Many people who have survived traumatic situations experience a distinct set of symptoms known as PTSD. The threat of death or severe injury to oneself or others is typical in these situations. A cancer diagnosis is accompanied by numerous stressful situations that could trigger a strong emotional response (PTSD, 2022). Trauma can develop during medical procedures while patients deal with their side effects and await test results (PTSD, 2022). According to National Cancer Institute (2019), when a patient learns they have cancer, they may react in a variety of ways that are normal. These consist of:

  • Repeated frightening thoughts
  • Being distracted or overexcited
  • Trouble sleeping
  • Feeling detached from oneself or reality

For this week’s practicum post, the chaplain, social worker, and unit manager were interviewed to gather data about how many patients in the unit were referred to the behavioral specialist for PTSD or mental health screening. Upon admission, the nurses are to screen patients about their distress indicator and the level of distress. If the patient has a high level of distress, the system automatically orders a chaplain and social worker to consult for the patient. For the last month’s data, the chaplain and social worker confirmed that 30 patients in the unit have the symptoms of repeated frightening thoughts, being distracted, trouble sleeping, and feeling detached from oneself or reality, which are symptoms of post-traumatic stress disorder. According to a National Cancer Institute (NCI) Physician Data Query survey, full-blown PTSD manifests in up to 35% of patients assessed after cancer treatment and approximately 3–4% of patients with recent diagnoses (PTSD, 2022). PTSD can be distinguished from other mental health illnesses like cancer-related PTS or acute stress disorder by the extent and severity of its symptoms (PTSD, 2022).

A challenge presented for this problem is nurses not efficiently utilizing the Distress Screening Tool. The unit manager confirmed that the admission database is missing some pertinent details about the patient’s distress screening and state of mental being. For example, the nurse will answer no or zero on the distress screening, indicating that the patient doesn’t have any distress, but the physician’s assessment of the patient states otherwise. Guidelines from the National Comprehensive Cancer Network (NCCN) advocate routine distress screening ((Neal et al., 2021). A “multifactorial unpleasant experience of a psychological (i.e., cognitive, behavioral, and emotional), social, spiritual, and/or physical nature that may interfere with the ability to cope effectively with cancer, its physical symptoms, and its treatment” is defined as distress, specifically in the context of oncology (Neal et al., 2021). Regular distress screening for oncology patients is crucial to detect their mental health disorders, such as PTSD. By not screening patients for distress, clinicians will miss out on crucial information about the patient’s mental well-being and not get the referrals they need for immediate treatment.

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Another challenge presented for this problem is patients refusing to seek mental health treatment. Out of the thirty patients in the unit that was referred to a behavioral specialist, only ten of those patients went to seek treatment. According to ((Salm et al., 2020), not all newly diagnosed cancer patients with a mental disorder diagnosis have used mental health services, despite the proven mental disorder. When compared to patient surveys’ findings, which show an observed value of nearly 80.0%, cancer patients with mental comorbidities report receiving mental health services infrequently (Salm et al., 2020).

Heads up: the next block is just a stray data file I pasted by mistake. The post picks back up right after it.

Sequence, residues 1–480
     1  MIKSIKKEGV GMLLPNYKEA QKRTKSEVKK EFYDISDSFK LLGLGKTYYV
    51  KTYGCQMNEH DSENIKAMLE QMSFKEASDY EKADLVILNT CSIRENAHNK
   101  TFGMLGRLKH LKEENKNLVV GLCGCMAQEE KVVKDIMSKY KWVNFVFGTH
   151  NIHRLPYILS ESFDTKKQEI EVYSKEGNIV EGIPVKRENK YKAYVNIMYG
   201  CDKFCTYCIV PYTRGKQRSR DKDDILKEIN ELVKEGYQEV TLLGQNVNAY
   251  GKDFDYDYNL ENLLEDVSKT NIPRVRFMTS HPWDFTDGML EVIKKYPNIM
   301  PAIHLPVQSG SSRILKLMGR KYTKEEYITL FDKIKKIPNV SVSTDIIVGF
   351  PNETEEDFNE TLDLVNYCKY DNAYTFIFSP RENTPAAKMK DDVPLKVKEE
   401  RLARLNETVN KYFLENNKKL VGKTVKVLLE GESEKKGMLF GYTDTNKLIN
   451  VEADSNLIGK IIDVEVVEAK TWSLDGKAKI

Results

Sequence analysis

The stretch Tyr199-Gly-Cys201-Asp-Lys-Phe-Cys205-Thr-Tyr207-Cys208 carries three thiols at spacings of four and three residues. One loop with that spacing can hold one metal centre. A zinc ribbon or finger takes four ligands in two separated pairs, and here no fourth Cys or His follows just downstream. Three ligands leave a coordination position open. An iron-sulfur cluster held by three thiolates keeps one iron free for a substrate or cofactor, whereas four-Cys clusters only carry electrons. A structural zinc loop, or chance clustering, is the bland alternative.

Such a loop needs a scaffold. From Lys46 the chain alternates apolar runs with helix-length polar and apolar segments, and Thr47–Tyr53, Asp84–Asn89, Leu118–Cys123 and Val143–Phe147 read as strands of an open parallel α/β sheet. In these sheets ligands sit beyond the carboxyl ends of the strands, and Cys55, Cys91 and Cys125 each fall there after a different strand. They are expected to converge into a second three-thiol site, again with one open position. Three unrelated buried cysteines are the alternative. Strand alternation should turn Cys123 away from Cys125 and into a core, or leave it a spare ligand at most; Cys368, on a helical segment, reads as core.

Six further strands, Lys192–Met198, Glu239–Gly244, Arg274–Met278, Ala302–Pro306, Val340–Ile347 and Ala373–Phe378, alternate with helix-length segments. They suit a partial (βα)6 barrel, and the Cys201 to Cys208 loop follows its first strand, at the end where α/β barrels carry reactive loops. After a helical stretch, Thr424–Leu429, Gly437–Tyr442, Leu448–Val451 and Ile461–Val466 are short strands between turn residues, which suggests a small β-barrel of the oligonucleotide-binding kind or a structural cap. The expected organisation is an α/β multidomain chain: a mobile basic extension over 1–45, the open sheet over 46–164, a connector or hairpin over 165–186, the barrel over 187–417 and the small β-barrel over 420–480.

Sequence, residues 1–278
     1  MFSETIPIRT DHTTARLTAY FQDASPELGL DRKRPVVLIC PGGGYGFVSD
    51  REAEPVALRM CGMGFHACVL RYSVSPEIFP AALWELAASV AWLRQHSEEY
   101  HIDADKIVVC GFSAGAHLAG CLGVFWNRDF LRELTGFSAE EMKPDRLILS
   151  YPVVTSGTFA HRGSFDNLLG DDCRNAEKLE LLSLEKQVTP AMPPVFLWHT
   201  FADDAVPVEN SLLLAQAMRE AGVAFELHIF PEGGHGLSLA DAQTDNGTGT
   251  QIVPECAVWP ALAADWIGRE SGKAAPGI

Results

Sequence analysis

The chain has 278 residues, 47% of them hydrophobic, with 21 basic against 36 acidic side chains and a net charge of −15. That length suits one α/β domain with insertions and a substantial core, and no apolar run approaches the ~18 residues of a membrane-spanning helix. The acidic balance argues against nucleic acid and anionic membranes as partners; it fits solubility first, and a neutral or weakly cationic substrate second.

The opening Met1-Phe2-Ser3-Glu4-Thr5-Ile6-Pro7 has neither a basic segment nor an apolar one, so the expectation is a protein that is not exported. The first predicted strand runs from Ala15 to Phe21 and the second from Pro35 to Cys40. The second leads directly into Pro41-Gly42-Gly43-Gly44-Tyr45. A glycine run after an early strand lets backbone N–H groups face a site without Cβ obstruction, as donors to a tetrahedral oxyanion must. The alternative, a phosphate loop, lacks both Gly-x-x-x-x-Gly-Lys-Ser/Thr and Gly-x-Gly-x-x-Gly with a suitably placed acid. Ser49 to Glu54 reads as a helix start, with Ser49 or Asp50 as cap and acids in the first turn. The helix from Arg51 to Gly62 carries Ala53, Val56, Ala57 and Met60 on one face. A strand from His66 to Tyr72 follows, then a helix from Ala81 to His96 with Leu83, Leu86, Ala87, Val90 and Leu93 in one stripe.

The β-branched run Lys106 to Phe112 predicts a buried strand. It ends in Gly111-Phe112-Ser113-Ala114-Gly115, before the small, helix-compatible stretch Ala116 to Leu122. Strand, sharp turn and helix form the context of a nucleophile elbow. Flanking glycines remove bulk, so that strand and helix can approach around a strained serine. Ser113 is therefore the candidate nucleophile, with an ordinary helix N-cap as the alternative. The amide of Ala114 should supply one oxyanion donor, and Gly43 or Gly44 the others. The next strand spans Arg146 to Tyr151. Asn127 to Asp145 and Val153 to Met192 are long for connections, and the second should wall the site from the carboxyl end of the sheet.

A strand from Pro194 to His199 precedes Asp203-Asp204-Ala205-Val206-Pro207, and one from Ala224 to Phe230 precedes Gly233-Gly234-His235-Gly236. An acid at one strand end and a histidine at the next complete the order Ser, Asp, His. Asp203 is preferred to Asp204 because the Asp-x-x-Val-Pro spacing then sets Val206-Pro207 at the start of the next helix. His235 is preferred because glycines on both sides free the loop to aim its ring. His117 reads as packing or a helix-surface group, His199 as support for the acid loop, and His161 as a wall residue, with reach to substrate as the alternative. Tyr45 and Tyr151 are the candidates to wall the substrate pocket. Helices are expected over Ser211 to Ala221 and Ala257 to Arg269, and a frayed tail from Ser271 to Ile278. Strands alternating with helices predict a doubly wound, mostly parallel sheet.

The utilization of the Distress Screening Tool is an effective way to screen patients with mental health disorders, particularly PTSD. Screening patients for their distress level allows patient-centered care by providing referrals to patients to give them the best and most immediate treatment they need for their mental health. It’s essential to close the communication gap between patients and professionals regarding maintaining mental health. Healthcare providers need to emphasize that mental health profoundly impacts their cancer treatment, and treatments are available if needed.


Cancer-related post-traumatic stress (PDQ®)–patient version. National Cancer Institute. (2019, July 9). Retrieved from 

Neal, J. W., Roy, M., Bugos, K., Sharp, C., Galatin, P. S., Falconer, P., Rosenthal, E. L., Blayney, D. W., Modaressi, S., Robinson, A., & Ramchandran, K. (2021). Distress screening through patient-reported Outcomes Measurement Information System (PROMIS) at an academic cancer center and network site: Implementation of a hybrid model. JCO Oncology Practice17(11). 

PTSD. Cancer Treatment Centers of America. (2022, April 29). Retrieved from 

Salm, S., Blaschke, K., Ihle, P., Schubert, I., Dresen, A., Pfaff, H., & Scholten, N. (2020). Mental disorders and utilization of mental health services in newly diagnosed cancer patients: An analysis of German health insurance claims data. Psycho-Oncology30(3), 312–320. 

WEEK 2 Practicum discussion

      A fall can change a person’s life in a flash. It can also lead to instant death. Falls can cause broken bones, like wrist, arm, ankle, hip fractures, and head injuries, especially if the person is on blood thinners (, 2021). When a patient has a fall that results in damage, even when they recover fully, they always fear falling. This fear can lead to other complications in the elderly, like contractions, poor motility, increased weakness, and even depression.

      For this week’s discussion, I interviewed a nurse manager, an LPN( Licensed practical nurse), and a physical therapist at Carrington place skilled rehab about their fall measures. The nurse managers stated that 2.7% of residents fell, resulting in a significant injury such as a bone fracture or dislocation in the past quarter. This is compared to North Carolina’s 1.1% and national 0.9% averages. Preventing injury is an indicator of quality care and attention to resident safety (, 2023). She stated that when a referral is received for a patient, and they realize the patient has a fall history before admitting the patient, all fall precautions are put in place, like low bed, night light, and nonskid soaks. She further stated that fall alarms were placed on all new admits for 48 hours, and if assessed and documented that the patient is low risk, fall precautions are reassessed. Fall risk assessments are done on every patient, including fall mats, bed alarms, and 2-hour observation. The LPN stated the facility tries to place high fall-risk patients closest to the nursing station and ensure everyone to two-hour observation rounds. They also provide all the fall precautions in place. The physical therapist stated that every patient completes a fall risk assessment upon admission and quarterly. If a patient is noted to be high risk, precautions, if not already implemented, are put in place immediately. She stated that the therapist provides techniques on safety when changing positions when transferring, correctly Positioning, and posture.